|Up-to-the-minute perspectives on defence, security and peace
issues from and for policy makers and opinion leaders.
Drone Wars for October 2013 is compiled by Elayne Jude, Senior Research Associate, U K Defence Forum
An exceptionally long hiatus was broken on October 21 in Afghanistan by the killing of Taliban commander Qari Darwan, and on 1 November, Hakeemullah Mehsud, the leader of the al Qaeda-linked Movement of the Taliban Pakistan, was killed in Waziristan. mehsud had been due to participate in imminent peace talks with the Pakistani government, and his killing sparked an intense and polarised international response.
More on the next page, including an update on attempts to move operations from the CIA to the DoD.
In late October Amnesty International issued a report charging that America's use of drones has violated international law, killing scores of innocent civilians and targeting suspected terrorists in ways that may constitute extrajudicial executions or war crimes.
Human Rights Watch and the Harvard Law School released a question-and-answer document about the legal problems posed by drones:
- following up their November 2012 report, Losing Humanity: The Case Against Killer Robots http://www.hrw.org/reports/2012/11/19/losing-humanity-0.
At a meeting of the UN disarmament committee, France urged countries to "look to the future" by addressing the challenges posed by fully autonomous weapons and "the fundamental question of the place of man in the decision to use lethal force." France said that military, legal and technical experts should consider the issue in "an appropriate disarmament forum."
The United Nations Human Rights Council in Geneva met in May, to consider a report by the UN expert on extrajudicial, summary or arbitrary executions that listed a range of concerns over fully autonomous weapons. The report called for a moratorium on development of the weapons until an international framework is agreed upon.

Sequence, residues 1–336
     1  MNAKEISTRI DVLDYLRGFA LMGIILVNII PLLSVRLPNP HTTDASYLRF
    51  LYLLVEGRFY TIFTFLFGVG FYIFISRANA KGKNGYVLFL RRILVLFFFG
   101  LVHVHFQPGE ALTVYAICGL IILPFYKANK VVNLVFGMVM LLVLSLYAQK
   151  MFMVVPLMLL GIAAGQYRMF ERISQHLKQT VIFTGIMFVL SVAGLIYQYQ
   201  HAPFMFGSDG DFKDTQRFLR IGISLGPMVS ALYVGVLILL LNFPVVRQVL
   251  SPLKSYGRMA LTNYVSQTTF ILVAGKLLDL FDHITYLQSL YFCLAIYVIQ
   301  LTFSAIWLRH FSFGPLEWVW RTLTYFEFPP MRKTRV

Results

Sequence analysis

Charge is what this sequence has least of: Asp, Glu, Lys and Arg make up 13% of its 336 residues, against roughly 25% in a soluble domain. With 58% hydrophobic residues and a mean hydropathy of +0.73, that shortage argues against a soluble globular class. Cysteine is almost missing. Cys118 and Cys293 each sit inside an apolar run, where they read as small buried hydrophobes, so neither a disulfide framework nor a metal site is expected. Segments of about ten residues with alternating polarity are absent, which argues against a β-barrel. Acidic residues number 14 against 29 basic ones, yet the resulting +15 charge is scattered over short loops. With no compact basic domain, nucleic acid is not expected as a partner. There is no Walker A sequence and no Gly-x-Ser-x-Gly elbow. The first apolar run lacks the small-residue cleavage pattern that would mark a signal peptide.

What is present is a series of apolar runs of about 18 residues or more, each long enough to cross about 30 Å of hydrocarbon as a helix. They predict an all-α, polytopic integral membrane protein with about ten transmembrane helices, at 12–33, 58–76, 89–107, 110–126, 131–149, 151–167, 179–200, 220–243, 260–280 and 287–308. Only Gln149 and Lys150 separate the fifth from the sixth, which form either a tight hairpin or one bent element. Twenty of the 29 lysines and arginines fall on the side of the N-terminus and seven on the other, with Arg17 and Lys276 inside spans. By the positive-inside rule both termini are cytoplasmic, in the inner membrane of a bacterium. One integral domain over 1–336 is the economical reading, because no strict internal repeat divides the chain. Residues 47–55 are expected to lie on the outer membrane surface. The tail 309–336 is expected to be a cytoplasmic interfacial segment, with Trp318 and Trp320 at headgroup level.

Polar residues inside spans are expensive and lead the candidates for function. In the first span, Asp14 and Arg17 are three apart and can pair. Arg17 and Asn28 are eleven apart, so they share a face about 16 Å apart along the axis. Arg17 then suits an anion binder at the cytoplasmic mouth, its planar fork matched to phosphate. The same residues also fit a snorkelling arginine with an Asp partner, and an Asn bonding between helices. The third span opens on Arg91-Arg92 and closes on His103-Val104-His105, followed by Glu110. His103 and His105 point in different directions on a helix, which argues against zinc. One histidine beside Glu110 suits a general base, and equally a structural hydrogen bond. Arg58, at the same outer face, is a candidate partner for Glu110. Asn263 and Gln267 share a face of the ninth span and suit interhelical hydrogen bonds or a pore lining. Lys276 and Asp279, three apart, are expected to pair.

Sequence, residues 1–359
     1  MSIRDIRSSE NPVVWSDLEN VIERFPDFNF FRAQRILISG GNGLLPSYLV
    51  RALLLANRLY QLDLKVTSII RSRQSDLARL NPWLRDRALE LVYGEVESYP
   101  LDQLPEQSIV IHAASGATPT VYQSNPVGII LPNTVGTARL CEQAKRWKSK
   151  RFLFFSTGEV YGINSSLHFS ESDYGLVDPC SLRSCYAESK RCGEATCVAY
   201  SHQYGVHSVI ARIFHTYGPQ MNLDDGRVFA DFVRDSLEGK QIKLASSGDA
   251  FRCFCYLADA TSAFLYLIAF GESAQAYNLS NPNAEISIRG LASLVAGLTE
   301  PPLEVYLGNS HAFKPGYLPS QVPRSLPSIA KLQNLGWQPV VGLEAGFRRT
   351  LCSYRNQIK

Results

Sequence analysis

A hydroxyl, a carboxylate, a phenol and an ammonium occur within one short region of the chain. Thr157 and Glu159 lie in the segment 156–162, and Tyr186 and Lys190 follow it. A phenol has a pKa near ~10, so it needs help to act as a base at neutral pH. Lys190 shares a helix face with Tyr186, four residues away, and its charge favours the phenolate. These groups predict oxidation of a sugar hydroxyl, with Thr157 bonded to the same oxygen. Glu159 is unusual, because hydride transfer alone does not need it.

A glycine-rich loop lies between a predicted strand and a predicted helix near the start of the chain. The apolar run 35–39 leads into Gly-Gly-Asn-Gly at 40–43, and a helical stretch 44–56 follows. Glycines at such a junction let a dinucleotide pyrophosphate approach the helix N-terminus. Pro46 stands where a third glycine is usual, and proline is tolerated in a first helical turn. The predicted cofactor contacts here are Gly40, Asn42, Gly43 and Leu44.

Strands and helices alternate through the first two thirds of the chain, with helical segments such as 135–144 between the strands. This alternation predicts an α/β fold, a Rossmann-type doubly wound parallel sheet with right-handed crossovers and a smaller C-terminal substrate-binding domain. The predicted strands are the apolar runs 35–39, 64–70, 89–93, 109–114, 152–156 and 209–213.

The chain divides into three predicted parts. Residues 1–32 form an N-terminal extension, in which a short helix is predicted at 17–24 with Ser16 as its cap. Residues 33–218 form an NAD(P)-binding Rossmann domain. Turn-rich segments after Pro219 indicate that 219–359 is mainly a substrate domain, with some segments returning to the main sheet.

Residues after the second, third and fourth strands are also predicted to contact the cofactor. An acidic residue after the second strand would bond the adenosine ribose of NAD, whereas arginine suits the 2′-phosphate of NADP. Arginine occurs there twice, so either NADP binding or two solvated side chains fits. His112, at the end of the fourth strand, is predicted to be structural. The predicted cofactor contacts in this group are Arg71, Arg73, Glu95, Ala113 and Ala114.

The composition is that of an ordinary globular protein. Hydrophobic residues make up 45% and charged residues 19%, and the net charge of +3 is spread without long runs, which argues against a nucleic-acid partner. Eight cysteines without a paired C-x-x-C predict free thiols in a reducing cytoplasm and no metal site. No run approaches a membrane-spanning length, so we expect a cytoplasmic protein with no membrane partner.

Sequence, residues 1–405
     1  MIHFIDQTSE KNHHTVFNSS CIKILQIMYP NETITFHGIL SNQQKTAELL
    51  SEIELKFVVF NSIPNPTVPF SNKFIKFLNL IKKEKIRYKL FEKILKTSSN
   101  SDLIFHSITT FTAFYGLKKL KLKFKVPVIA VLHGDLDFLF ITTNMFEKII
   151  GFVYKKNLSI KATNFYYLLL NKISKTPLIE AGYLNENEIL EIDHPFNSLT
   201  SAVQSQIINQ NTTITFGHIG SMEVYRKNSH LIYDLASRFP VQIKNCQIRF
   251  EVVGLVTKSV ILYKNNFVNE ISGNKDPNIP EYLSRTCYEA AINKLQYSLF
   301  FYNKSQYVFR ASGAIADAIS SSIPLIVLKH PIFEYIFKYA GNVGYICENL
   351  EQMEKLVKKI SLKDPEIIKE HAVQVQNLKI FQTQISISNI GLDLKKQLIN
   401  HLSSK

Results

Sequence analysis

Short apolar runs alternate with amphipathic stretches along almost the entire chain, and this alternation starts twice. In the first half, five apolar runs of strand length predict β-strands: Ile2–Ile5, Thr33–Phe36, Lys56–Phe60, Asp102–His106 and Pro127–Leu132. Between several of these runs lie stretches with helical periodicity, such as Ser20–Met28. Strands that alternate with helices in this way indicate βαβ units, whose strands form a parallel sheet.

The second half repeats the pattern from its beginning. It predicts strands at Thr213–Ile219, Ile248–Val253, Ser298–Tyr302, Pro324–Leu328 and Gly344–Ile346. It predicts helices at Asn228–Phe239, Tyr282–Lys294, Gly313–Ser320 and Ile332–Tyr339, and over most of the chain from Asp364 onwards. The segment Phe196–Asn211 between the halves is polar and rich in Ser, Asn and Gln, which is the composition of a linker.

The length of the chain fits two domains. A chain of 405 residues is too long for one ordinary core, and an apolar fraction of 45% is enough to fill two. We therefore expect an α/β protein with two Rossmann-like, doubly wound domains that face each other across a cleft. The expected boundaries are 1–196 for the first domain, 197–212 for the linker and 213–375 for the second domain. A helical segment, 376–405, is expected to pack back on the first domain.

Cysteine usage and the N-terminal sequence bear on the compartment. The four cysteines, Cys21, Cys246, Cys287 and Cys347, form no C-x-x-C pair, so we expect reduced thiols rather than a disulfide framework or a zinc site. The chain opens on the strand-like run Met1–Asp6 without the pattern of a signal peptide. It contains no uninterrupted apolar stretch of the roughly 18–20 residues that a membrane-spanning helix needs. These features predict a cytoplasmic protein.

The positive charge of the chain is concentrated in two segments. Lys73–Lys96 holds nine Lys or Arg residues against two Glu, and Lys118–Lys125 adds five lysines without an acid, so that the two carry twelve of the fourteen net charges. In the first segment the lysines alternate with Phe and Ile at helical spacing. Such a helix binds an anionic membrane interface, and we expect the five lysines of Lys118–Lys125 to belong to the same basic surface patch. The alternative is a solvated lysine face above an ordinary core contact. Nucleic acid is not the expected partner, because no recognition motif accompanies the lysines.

The House of Commons Defence Select Committee published written evidence submitted to its Inquiry into the use of UACVs, including memos from Thales, ADS, RUSI, the Association of Military Court Advocates the Bureau of Investigative Journlaism:
21 October - Afghanistan. A Taliban commander in the northeastern Afghan province of Kunar who has been hunted by US forces since 2009 is reported killed in Kunar Province, northern Afghanistan. Qari Dawat, whose real name is Haji Mohammad Dawran Safi, was a senior Taliban leader in Pech, who had vowed to avenge the killing of bin Laden by a US Seal team.
Dawat and three other alleged commanders were killed early on the morning of October 21.
Dawat was responsible for the kidnapping of Paul Refsdal, a Norwegian journalist, on Nov. 5, 2009. Refsdal was released six days later, after converting to Islam. An airstrike was launched that month in an effort to kill Dawat. Four alleged Taliban fighters were supposedly killed in it, including one "known for attacking innocent civilians in the Kunar region, as well as international forces and bases," according to a US military press release